Music man with no limits

At a peppery 90 years old, Carnegie Hall is still ripe for a good idea. Recently it launched a string of "Festival Concerts" -- marking the first time this grand old auditorium has taken on "the artistic planning and financial underwriting" of a concert series.

The event, comprising 13 concerts, ends June 11, including two visits to the Kennedy Center in Washington, D.C., for four programs. The series focuses on music by Bartok -- whose 100th anniversary occurs this year -- and Schubert, with occasional works by other composers of a romantic bent.

Not surprisingly, the names involved are big. Pinchas Zukerman is artistic director, Isaac Stern, Leonard Rose, and Misha Dichter are among the performers, and the series involves eight orchestral and chamber concerts and five "Perspective Concerts," the latter slated for twilight hours at Carnegie Recital Hall.

But this wouldn't be "a significant step in developing our artistic future," as Isaac Stern claimed in announcing the series, if it were just a celebration of established superstars. Talents not quite so celebrated -- so far -- are sharing the stage. Among them is Gordon Gottlieb, a young percussionist who plays extensively with the New York and other philharmonics, and made his Carnegie Hall conducting debut last February. I had lunch with him recently -- partly to greet the Festival Concerts, in which he is performing, and partly to plumb his musical career, which shows a versatility that's downright amazing.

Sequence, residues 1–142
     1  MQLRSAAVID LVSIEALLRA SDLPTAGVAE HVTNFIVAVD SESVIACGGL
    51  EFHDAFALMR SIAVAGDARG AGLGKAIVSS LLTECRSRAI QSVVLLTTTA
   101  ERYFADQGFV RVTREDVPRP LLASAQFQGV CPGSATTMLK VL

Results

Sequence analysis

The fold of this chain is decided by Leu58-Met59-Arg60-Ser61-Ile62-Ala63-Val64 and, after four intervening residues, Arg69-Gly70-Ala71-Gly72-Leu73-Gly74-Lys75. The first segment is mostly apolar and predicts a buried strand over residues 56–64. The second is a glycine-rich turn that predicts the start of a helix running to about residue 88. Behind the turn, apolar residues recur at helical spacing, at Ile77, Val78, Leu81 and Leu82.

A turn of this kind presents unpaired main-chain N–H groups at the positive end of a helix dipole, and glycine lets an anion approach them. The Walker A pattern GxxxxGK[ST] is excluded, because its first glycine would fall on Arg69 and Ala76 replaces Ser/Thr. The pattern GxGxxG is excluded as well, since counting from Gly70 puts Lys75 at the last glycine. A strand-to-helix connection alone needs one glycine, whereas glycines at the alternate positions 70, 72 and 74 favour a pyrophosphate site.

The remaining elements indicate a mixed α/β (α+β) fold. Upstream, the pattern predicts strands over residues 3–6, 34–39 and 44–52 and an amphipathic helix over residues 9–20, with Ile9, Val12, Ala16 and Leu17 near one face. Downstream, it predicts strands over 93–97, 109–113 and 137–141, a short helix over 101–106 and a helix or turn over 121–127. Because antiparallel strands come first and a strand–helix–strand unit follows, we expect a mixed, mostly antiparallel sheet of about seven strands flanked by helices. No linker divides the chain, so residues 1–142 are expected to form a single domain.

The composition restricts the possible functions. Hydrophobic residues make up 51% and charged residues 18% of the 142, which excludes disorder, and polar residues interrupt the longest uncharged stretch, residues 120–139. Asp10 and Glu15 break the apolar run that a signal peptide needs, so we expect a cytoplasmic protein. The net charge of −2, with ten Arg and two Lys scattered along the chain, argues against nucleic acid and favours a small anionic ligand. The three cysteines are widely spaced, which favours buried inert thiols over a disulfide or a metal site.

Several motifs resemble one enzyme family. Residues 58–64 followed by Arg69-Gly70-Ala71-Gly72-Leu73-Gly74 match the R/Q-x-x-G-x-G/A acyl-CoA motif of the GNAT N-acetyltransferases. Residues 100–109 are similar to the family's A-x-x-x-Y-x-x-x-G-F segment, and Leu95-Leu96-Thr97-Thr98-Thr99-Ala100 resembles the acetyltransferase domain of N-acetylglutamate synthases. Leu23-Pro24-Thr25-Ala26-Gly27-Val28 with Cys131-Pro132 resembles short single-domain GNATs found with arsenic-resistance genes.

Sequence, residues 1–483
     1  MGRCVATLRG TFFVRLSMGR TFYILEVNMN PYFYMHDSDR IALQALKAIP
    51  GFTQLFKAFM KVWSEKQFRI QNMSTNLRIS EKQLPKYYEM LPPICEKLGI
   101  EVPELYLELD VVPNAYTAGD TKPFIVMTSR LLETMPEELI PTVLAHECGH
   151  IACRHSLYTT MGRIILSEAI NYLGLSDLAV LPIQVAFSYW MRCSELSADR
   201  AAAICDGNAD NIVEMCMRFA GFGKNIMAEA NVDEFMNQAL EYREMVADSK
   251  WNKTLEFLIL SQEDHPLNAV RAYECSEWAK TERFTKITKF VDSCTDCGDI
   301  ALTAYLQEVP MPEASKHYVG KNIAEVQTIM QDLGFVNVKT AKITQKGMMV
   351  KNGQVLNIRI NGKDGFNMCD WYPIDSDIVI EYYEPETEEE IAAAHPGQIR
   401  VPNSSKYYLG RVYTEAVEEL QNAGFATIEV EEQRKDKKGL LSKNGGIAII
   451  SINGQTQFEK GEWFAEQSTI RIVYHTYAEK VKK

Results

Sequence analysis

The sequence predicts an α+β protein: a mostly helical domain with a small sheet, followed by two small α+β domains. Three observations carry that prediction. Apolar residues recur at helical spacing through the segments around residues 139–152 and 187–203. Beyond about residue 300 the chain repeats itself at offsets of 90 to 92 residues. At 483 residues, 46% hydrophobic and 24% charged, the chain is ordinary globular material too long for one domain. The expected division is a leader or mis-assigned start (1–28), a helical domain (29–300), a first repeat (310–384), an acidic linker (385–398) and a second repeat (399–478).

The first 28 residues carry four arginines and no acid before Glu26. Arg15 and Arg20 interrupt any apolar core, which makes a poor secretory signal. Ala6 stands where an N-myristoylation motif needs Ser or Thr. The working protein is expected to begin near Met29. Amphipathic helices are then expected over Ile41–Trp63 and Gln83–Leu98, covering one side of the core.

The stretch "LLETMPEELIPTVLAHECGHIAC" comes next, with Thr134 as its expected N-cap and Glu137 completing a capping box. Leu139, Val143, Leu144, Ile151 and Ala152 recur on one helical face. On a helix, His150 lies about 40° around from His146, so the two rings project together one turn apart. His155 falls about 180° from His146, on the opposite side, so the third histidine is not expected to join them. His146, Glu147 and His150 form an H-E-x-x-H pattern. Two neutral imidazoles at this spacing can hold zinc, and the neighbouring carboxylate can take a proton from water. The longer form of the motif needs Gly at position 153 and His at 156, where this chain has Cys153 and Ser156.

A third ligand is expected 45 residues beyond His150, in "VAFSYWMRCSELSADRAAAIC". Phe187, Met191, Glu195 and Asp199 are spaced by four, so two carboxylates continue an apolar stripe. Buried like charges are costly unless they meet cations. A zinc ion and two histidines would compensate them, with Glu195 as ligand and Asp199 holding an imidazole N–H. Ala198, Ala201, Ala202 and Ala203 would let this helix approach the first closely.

True, musical barriers have been breaking down. Jazzmen dabble in the classics while conservatory graduates turn to rock. But talk to Gordon Gottlieb and you'd think there were no limits left. An alumnus of Juilliard, he plays new music with Speculum Musicae and the Contemporary Chamber Ensemble, and traditional music with various opera, ballet, modern dance, and Broadway orchestras. Switching to a different set of sticks, he has played jazz with the likes of Keith Jarrett and Sarah Vaughan, and written for dance groups and films. Even rock isn't too far afield for this accompanist of Bette Midler and -- are you ready? -- Engelbert Humperdinck.

In the Festival series, Gottlieb will appear June 10 with 13 other musicians in an evening of Bartok and Schubert sonatinas and the Schubert Octet in F. Amid his musical travels, he seems to place highest priority on the classical side of his art. Yet he takes an unusual approach, stressing the importance of improvisation, which is a lost knack among many page-trained performers. A favorite experiment is to team with his twin brother, Jay -- a pianist living in Paris -- and create a totally improvised piece, before the eyes and ears of their audience.

Do the various facets of Gottlieb's work reinforce one another? Only in the broadest sense, according to the musician. "When you play rock, you have to be rock-steady," he says. "That's a good experience to have, but it's a lot different from what may be asked of you in a symphony performance a few days later." In any case, it can be fun traveling between these very different worlds. "I've had studio musicians come up and ask me, Hey, what's it like playing with a conductor?"

Is there any kind of music Gottlieb can't abide? "Country and western, I guess" -- and the "minimalist" composers -- whose talent is also "minimal," in his opinion. From all appearances, Gottlieb's energy is as maximal as his versatility, and those are mighty handy qualities in today's crowded music world. His future looks as good as his present.

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